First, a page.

• Sailing is all about the Weather.

    Big into the exploration of Atlantic Hurricanes since Katrina came uninvited into his world, James (Jim) Gurley (JamesG161) has followed every Tropical Storm birthed in Atlantic, Gulf and Caribbean waters since. Being a boater, he knows that we often need more time to prepare than we get from the TV weather folk. Jim relies on the science of storm development to share early warning info with friends and fellow boaters.

    Early in 2018, Jim and John Shepard, (JSSailem) started to chat about the weather data available. John asked Jim to help forecast Pacific NW storms, and this morphed into discussions on weather forecasting.

    For John, sailing in the PNW is sometimes hit and miss. One day is ugly, then a string of beautiful days but no wind, followed by a series of blue-sky days and 12 knot breezes. Being ready for those great sailing days means you need to look to the Pacific Ocean and what is brewing. John has been into Pacific NW Weather since the 1970’s when his first PNW November storm hit bringing more than 40 days and 40 nights of continual rain.

    Together we want to share information, new APPs, safety, and thoughts about letting the weather help you. Identify some of the resources for sailors and help prepare you for your next sailboat outing.

    It is far better to go out on the water knowing what to expect in weather terms, than to be out on the water and see dark ominous clouds suddenly appear, unprepared.



Jan 22, 2008
Tartan 37 Pensacola Shipyard, FL
I ran across an interesting website while doing "research".
flhurricane.com with a tag line of "Hurricanes without the hype"
One of their forums had "Hurrisheet - Intensity and Surge Estimations from Pressure
The Spreadsheet is at https://docs.google.com/spreadsheet...TO8xsW9PS9Zk706BWO4_So/edit?hl=en&hl=en#gid=0

Jim, you are our resident storm guru. What do you think about this spreadsheet? The author states several times that this is not a proven or peer reviewed work but it gives good estimations.
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May 24, 2004
CC 30 South Florida
Our best and brightest meteorologist currently wrestle with the issue of storms intensity and are unable to provide reliable forecasts and now we get a spreadsheet that will do it for us? Really? I think of good estimates as something that might provide "good enough" results but I don't think Meteorology has advanced that far yet. Ironically what I have found best is local knowledge based in history and observations of the storms that prevail in your particular area.
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Feb 14, 2014
Hunter 430 Waveland, MS
Jim, you are our resident storm guru
I try to get out in front of the news cycle by using all the info available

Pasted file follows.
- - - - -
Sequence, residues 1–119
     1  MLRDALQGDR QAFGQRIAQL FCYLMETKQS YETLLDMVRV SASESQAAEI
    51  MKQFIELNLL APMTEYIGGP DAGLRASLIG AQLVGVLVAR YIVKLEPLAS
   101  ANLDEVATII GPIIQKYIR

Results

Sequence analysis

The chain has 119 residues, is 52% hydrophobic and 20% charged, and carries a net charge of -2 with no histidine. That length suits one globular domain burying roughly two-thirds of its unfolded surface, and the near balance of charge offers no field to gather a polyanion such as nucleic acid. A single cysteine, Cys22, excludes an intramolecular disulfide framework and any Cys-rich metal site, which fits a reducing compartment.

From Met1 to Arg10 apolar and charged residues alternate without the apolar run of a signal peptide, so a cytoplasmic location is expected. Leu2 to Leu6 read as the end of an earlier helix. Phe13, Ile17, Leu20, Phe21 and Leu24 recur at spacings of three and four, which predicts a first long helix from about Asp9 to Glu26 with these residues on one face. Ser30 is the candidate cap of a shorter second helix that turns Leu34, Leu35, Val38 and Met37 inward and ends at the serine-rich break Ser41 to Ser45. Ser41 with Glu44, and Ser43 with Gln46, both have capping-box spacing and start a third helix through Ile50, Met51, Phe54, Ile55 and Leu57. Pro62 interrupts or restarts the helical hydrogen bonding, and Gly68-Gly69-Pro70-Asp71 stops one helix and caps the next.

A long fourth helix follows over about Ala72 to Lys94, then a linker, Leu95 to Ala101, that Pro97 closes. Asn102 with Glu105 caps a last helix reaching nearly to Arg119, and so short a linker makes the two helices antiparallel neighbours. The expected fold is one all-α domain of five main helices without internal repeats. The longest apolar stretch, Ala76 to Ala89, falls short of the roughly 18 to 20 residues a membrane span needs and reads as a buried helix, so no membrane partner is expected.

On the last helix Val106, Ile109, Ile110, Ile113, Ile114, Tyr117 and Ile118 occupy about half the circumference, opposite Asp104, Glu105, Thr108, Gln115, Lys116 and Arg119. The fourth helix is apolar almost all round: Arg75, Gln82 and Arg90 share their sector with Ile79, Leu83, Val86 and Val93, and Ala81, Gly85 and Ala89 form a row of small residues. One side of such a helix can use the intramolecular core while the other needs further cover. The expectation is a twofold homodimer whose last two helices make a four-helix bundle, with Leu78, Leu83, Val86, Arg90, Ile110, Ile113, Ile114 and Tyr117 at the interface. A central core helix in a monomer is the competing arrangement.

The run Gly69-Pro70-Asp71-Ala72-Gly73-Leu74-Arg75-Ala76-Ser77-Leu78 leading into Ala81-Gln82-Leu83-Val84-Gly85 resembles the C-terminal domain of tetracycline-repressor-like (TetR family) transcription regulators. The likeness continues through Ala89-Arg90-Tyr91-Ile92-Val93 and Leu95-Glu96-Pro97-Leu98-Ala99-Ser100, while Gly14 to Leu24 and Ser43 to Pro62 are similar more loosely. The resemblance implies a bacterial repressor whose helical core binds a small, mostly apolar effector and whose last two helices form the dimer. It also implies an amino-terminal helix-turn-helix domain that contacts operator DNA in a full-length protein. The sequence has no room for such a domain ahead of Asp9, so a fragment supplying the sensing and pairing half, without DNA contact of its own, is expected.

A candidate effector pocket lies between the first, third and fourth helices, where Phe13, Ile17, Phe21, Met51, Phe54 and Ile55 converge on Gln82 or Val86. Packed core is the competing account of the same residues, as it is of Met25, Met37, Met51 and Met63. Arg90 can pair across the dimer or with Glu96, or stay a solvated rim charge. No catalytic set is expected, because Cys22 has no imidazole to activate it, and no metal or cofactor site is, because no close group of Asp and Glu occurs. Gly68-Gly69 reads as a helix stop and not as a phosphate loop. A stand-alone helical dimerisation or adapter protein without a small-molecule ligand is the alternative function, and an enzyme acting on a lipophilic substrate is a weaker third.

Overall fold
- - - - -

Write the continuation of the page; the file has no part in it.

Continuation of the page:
Trust me, so does most of the cities along a potential coastal strike, but they don't tell the News either.
The challenge for us boaters and landlubbers is preparing ahead of a strike.
NOAA has an experimental Storm surge, shoreline Wave action and strike model now.:clap:

I did take a quick look at your links, but the Saffir-Simpson scale[SS] is used to kick in Federal Programs for relief and follows behind the real storm effects.
Generally speaking ,the first link, is a good estimator of maximum winds, but not from the SS scale, but the true driver of near eye walls, is the mBar difference.;)

The spreadsheet does give you the science, but it is difficult to get the real time data as a storm moves.
The spread sheet will give you a good idea of what is happening in open waters and potential then.
Today NOAA uses satellites passing over a storm, to estimate those pressures, until the real data is obtained by the Hurricane Hunters.:):):) [and ocean buoys]
Hurricane Gordon, 2018, was supposed to hit LA head-on, but all of the States LA, MS, and AL declared a state of emergency.
As Gordon neared shoreline, there was a mandatory evacuation of marinas, MS.
The Hurricane Hunters info, showed it only strength on NE quadrant and had changed courses toward MS-AL border.
In PM's, most of the MS and LA , SBO guys did prep the boats for the lower winds expected. [we got a maximum of 45 knots]
Why? It was the Hurricane Hunter's real time data.
BTW the NOAA Surge experimental model for my area predicted 4 feet storm surge, we got maybe 2.5 tops.
I did prepare for 4 feet and had ready lines for 6 feet.
It never hurts to try that spreadsheet on the next storm, hopefully in 2028.:)
I do use a personal spreadsheet to calculate ETA's using Lon/Lat, but a few new weather sites offer that now also.

Keep on doing and researching. Sailing is all about the Weather.;)

PS: Penascola FL got most wind from Gordon, not even predicated a day before.
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